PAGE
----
by Costa Tsiokos, Fri 04/03/2021 05:56:51 PM
Category: Business, Internet, Science, Society
| Permalink | Trackback | Feedback


I know that many a friend and colleague of mine found a struck chord in the idea that in a world of email, texts, and IMs, voicemail is falling out of favor:

Research shows that people take longer to reply to voice messages than other types of communication. Data from uReach Technologies, which operates the voice messaging systems of Verizon Wireless and other cellphone carriers, shows that over 30 percent of voice messages linger unheard for three days or longer and that more than 20 percent of people with messages in their mailboxes “rarely even dial in” to check them, said Saul Einbinder, senior vice president for marketing and business development for uReach, in an e-mail message.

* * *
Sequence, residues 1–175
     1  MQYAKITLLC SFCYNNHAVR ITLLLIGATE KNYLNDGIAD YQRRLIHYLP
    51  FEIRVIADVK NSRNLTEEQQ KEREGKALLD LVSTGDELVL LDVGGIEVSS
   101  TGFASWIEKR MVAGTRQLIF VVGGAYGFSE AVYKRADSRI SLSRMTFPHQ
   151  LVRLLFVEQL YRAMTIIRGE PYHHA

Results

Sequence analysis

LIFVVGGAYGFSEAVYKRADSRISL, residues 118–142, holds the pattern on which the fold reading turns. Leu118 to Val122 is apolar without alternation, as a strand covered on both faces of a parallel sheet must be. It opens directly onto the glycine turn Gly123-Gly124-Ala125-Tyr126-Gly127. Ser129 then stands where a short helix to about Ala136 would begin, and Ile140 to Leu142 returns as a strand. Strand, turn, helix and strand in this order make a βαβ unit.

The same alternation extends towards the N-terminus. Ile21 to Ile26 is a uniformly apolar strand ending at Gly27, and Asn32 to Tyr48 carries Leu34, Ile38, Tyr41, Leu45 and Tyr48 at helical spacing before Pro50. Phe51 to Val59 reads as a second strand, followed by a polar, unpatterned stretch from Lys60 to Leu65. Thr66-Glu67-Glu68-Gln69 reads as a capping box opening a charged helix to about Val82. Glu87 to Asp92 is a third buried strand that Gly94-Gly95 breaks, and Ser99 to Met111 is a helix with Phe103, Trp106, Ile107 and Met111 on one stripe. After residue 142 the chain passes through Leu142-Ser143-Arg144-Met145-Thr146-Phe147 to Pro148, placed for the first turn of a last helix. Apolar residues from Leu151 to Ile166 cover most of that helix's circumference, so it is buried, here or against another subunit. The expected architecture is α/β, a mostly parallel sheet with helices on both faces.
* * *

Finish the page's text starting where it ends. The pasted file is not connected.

By contrast, 91 percent of people under 30 respond to text messages within an hour, and they are four times more likely to respond to texts than to voice messages within minutes, according to a 2008 study for Sprint conducted by the Opinion Research Corporation. Even adults 30 and older are twice as likely to respond within minutes to a text than to a voice message, the study found.

There are no definitive studies of how many voice mail messages American leave compared with earlier periods, but if the technology is heading toward obsolescence — as many communication experts suspect — the trend is being driven by young people. Again and again, people under 25 recount returning calls from older colleagues and family members without bothering to listen to messages first. Thanks to cellphone technology, they can see who called and hit the Send button to reply without calling their voice mail box. “Didn’t you get my message?” parents ask. “No,” their children reply, “but I saw that you called.”